I’m really feeling part of my surroundings this morning as I walk to school. In national costume, I’m dressed like half the people I see walking or driving: many walking towards me are field workers and shop owners, the rest are students. Some make eye contact and we greet each other with “Kuzoo Sangpo” or “Kuzampo” (slurred version), though the students in groups mostly turn and bow to me in unison: “Good morning, Sir”, their beautiful quasi-English accents ringing in the crisp morning air.
But however you look at it, we’re definitely alien beings. Last night Tara and I returned home in the rainy dark, so we hopped in a taxi, $2 from town. We missed directing the driver onto our narrow rocky lane, but the driver made the turn anyway. Of course he’d seen us walking last week. As they warned us in our Thimphu Orientation, we’re so visible, and the locals know all about us, when we're coming, where we're going…
|Wearing Kira and Gho, we blend in completely, of course...|
The only reason the Bhutanese don’t clean up at the Olympics is they’re not used to the shorter regulation distance! On the other hand, they have some unique medical issues related to their national sport: three times I've met people who were visiting the hospital and reported someone coming in to have an arrow removed from their body: one from the leg, two from the head. The local Hospital administrator told me the skull ones are dealt with in Thimphu, so they just cut off the shaft leaving a good handle before putting them back in the ambulance.
|Bridge to get us to the other side of Bumthang valley|
Today Tara and I walked to Kurje, where the holy water comes straight out of the mountain. This time we continued around the corner. Stopped at a little shack of boards with no light, known as a store. There the monks from the monastery could buy nails by the kilo, shampoo, mango juice, tinned mackerel, or Indian potato chips. We chose mango juice and chips. Around the corner the Chokhor River we’d been following became a deep torrent, swirling around huge rocks. Crossing a wire suspension bridge festooned with colourful prayer flags, we looked down into blue pools, imagining ourselves soaking in the back eddies in the summer heat. Tara hopes we’re not just dreaming….she’s committed to returning later with her swimsuit.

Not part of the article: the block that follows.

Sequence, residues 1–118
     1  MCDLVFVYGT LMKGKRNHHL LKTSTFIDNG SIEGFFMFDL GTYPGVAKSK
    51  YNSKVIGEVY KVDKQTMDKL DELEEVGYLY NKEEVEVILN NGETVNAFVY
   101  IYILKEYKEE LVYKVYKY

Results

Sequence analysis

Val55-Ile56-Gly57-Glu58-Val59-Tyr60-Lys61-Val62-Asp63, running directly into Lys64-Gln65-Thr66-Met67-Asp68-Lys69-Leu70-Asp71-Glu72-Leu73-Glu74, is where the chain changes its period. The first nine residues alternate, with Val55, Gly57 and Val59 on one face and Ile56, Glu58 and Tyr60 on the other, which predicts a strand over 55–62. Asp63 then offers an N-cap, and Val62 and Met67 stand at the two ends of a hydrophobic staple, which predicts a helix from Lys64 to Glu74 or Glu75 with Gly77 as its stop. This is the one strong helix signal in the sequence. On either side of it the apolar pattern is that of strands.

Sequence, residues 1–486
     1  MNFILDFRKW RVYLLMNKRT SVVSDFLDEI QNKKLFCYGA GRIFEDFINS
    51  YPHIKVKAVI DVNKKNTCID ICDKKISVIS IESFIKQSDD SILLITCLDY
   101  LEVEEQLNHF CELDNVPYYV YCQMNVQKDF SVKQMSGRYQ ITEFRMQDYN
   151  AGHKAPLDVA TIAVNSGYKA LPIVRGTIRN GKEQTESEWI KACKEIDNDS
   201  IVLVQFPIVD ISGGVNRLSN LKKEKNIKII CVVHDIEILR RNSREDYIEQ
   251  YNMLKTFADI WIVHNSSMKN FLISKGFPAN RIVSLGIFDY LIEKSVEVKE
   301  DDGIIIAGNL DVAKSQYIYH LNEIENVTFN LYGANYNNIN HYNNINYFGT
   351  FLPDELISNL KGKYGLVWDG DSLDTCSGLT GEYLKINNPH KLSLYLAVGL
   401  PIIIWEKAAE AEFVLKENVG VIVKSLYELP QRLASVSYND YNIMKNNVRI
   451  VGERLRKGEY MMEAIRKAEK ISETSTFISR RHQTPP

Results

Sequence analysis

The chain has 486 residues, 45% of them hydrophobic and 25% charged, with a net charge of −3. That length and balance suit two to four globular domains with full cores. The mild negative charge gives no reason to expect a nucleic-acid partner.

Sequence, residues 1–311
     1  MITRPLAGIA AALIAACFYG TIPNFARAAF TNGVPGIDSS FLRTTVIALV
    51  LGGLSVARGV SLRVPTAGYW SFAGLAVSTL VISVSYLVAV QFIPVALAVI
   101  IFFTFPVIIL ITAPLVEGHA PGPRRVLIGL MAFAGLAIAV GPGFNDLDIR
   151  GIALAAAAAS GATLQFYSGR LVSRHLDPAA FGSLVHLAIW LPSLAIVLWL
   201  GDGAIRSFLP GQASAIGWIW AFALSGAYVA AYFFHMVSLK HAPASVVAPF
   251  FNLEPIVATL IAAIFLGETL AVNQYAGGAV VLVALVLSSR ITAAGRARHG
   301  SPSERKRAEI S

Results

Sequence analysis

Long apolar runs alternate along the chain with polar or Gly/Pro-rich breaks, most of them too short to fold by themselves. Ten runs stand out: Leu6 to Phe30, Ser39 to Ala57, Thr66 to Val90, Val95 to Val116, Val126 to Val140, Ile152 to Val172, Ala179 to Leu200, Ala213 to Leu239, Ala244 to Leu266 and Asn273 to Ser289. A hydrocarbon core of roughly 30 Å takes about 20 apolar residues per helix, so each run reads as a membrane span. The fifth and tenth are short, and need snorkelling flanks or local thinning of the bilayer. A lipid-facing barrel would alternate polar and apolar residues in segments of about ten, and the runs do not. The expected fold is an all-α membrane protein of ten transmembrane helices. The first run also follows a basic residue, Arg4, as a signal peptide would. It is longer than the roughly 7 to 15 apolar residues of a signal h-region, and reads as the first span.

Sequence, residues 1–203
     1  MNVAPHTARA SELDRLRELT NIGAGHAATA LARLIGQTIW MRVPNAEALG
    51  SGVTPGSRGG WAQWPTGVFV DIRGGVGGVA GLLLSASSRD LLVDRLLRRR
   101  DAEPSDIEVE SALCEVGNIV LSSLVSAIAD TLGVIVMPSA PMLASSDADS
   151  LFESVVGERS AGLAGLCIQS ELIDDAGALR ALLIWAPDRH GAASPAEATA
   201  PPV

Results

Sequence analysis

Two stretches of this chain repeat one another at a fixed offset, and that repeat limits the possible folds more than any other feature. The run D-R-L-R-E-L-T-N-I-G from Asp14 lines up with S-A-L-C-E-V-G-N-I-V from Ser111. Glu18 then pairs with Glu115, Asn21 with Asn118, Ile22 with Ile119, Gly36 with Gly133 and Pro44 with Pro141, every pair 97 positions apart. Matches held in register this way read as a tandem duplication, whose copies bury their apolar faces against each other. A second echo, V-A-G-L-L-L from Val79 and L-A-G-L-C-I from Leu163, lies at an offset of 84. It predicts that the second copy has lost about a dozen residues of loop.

Next stop was a communal forest of 190 acres, supporting 33 families. At the entrance was a flourmill, with a woven bamboo funnel for the grain suspended over an enormous millstone disk. The grain flows through a hole in the stone, where it’s channeled down and ground between it and the bedstone. The flour on the edge was tan in colour, probably the local buckwheat which grows well at this altitude. After we did our clockwise walk around the small forest of vertical prayer flags, we continued on our hike through what was essentially a medieval farm community: the only thing to suspend our fantasy was the odd section of powerline, spliced together with different colours of electrical tape as it runs in and out of buildings.
|Our sweet, generous, landlord Karma, backed by family, living upstairs|
|so this is considered a state-of-the-art kitchen in our neighbourhood|
|local kids love having pics taken|